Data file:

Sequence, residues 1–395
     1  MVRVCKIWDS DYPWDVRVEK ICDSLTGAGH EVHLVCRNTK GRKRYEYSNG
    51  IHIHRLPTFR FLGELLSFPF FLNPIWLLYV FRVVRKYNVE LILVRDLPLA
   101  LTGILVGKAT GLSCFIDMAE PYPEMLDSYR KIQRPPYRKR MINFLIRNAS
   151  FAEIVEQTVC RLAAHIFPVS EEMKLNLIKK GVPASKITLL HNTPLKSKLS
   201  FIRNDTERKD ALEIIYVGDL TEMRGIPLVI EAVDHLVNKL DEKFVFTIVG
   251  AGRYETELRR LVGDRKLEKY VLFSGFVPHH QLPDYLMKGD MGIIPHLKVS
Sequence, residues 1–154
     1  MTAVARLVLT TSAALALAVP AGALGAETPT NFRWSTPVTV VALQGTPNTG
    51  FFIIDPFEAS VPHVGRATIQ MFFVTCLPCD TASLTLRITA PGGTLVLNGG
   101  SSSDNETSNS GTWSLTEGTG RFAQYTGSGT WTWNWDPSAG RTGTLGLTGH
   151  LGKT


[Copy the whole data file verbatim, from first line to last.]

Sequence, residues 1–395
     1  MVRVCKIWDS DYPWDVRVEK ICDSLTGAGH EVHLVCRNTK GRKRYEYSNG
    51  IHIHRLPTFR FLGELLSFPF FLNPIWLLYV FRVVRKYNVE LILVRDLPLA
   101  LTGILVGKAT GLSCFIDMAE PYPEMLDSYR KIQRPPYRKR MINFLIRNAS
   151  FAEIVEQTVC RLAAHIFPVS EEMKLNLIKK GVPASKITLL HNTPLKSKLS
   201  FIRNDTERKD ALEIIYVGDL TEMRGIPLVI EAVDHLVNKL DEKFVFTIVG
   251  AGRYETELRR LVGDRKLEKY VLFSGFVPHH QLPDYLMKGD MGIIPHLKVS
Sequence, residues 1–154
     1  MTAVARLVLT TSAALALAVP AGALGAETPT NFRWSTPVTV VALQGTPNTG
    51  FFIIDPFEAS VPHVGRATIQ MFFVTCLPCD TASLTLRITA PGGTLVLNGG
   101  SSSDNETSNS GTWSLTEGTG RFAQYTGSGT WTWNWDPSAG RTGTLGLTGH
   151  LGKT